Murkowski Slams Interior for Wasting Time, Money on King Cove Study
Washington, D.C. – U.S. Sen. Lisa Murkowski, R-Alaska, today criticized the Department of the Interior for wasting more than $100,000 on a study of “non-road alternatives” that will not adequately provide emergency medical transportation for the residents of King Cove, Alaska. Murkowski posted the study after Interior, despite a recent public commitment from Secretary Sally Jewell, only provided it to a small handful of King Cove officials.
“Interior has again made clear that help for King Cove is not on the way,” Murkowski said. “It is stunning the Department wasted taxpayer dollars on a narrow study while continuing to ignore the best way to protect the health and safety of local residents – a short, non-commercial, gravel road. I am also shocked that despite repeated promises, and despite this study being completed last summer, there is nothing in Interior’s $13.3 billion budget request to help King Cove. This is what you do, if your goal is to run out the clock without making the right decision.”
The Interior-commissioned, Army Corps-contracted study evaluates the potential for a marine vessel, a helicopter, and a new airport for King Cove – options that have previously been rejected, or that have been tried and failed. The study’s authors describe it as a “high-level overview” and note that its artificially limited scope “did not include local stakeholder input.”
“It is offensive that Interior would design a study that deliberately excludes the very people whose lives are at stake,” Murkowski said. “But I want to thank the company that undertook this study, which did its professional duty within the imposed constraints and highlighted the very serious challenges that the people of King Cove face. Anyone reading the study objectively can only wonder: why, again, did Interior ever take a life-saving road off the table?”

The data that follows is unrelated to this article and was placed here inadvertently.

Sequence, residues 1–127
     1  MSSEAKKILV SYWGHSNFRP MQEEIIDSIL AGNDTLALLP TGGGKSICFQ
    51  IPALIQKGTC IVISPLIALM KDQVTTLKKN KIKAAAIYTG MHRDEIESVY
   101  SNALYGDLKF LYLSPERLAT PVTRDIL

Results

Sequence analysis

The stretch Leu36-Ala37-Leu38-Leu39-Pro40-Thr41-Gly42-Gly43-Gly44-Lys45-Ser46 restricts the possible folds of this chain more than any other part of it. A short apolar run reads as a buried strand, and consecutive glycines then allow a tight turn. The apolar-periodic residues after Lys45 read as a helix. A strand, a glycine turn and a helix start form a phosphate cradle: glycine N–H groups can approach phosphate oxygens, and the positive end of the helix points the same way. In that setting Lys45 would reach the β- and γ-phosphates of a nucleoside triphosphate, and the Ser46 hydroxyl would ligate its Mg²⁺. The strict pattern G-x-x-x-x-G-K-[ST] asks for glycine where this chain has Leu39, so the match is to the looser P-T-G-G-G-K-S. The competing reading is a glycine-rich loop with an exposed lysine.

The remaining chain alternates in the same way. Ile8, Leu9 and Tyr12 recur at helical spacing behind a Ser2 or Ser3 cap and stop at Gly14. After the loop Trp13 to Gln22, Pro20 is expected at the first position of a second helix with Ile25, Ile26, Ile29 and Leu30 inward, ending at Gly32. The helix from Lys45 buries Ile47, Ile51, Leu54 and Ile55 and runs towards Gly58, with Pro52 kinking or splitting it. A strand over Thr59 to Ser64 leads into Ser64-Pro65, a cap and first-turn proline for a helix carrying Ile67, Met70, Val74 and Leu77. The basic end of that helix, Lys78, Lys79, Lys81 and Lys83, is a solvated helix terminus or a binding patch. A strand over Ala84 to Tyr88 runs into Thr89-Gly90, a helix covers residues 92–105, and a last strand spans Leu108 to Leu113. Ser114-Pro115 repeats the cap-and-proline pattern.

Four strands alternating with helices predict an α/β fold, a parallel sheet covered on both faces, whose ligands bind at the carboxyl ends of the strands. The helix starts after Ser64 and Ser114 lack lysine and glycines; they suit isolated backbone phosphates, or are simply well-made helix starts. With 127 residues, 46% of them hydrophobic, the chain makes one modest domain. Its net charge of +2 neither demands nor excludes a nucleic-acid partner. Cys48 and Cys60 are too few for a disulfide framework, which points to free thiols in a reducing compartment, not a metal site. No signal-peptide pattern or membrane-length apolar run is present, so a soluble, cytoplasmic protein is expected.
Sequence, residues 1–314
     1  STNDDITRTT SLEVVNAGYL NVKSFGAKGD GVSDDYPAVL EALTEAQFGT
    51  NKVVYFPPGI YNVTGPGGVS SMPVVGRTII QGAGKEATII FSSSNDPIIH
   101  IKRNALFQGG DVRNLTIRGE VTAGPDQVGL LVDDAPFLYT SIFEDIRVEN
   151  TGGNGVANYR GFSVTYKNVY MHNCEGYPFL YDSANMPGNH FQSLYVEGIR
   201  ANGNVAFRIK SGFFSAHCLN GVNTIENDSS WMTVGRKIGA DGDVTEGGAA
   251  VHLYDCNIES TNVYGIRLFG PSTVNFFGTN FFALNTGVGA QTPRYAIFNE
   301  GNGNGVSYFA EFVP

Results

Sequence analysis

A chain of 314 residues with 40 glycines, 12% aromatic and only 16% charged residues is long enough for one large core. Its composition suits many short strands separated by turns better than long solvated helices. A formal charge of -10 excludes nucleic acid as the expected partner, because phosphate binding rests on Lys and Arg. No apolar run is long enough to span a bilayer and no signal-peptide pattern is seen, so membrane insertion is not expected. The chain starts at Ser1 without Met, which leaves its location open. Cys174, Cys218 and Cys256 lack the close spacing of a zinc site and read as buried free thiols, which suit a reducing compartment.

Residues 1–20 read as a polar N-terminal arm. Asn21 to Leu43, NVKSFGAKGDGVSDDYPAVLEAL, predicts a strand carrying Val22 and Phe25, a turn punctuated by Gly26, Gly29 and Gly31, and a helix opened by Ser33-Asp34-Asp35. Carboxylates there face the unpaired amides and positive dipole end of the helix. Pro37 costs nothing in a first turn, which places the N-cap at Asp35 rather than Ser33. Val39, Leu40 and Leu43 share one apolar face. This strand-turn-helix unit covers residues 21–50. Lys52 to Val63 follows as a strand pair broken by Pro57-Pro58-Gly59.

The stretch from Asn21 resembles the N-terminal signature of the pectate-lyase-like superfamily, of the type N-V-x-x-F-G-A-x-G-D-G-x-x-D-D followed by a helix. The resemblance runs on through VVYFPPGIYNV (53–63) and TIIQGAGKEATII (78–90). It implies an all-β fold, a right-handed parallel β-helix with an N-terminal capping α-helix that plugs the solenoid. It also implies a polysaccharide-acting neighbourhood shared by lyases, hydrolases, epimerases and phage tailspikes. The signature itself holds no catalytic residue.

A 27-page appendix details the substantial risks and anticipated hurdles, ranging from potential impacts on wildlife to the likelihood that sufficient financing could be secured, associated with non-road alternatives. The study also confirms that non-road options are either more expensive or less reliable (or both) than a life-saving road, which Interior did not allow as a basis for comparison.
“While Interior’s current leadership may be content to study this problem until their time in office runs out, local residents are left to endure more pain and suffering,” Murkowski said. “I cannot allow that to continue, and I will redouble my efforts to secure a road by bringing this travesty to the attention of every member of our committee at a hearing next month.”
Last week, the U.S. Coast Guard was called in after a woman in her 50s was found unconscious in King Cove. The Coast Guard transported her to a Guardian flight waiting in nearby Cold Bay after its pilots were unable to land in King Cove, which faced winds that were gusting well above 50 miles per hour.
King Cove has now endured a total of 40 medevacs since Secretary Jewell’s decision of December 23, 2013 to reject a life-saving road. The U.S. Coast Guard has carried out 15 of those medevacs – risking additional lives, diverting vital resources from the service’s core mission, and incurring significant costs for U.S. taxpayers.
Murkowski has twice asked Jewell if she is aware of how many medevacs have occurred in King Cove since her decision. In 2015, Jewell was completely unaware; this year, she replied that she was “sure that it is dozens.”
Among the other recent medevacs were a man who dislocated both hips and fractured his pelvis after a 600-pound cod pot fell on him; an infant boy with RSV; a man in his 80s with sepsis; and multiple patients with heart problems or gastrointestinal bleeding. Many had to wait hours – if not overnight – before a medevac could safely arrive.
In 2009, Murkowski successfully legislated a nearly 300:1 land exchange to facilitate an 11-mile road corridor through a tiny sliver of the Izembek National Wildlife Refuge. The road corridor would cover a maximum of 206 acres in the 315,000-acre refuge (0.065%). The road – required by law to be one-lane, gravel, and used only for non-commercial purposes – would connect the roughly 1,000 residents of King Cove to the all-weather airport in neighboring Cold Bay. Jewell rejected the exchange, and the life-saving road.
For an excellent account of the peril that continues to face King Cove as a result of federal intransigence, please see “Deadly Environmentalism” by National Review’s Ian Tuttle.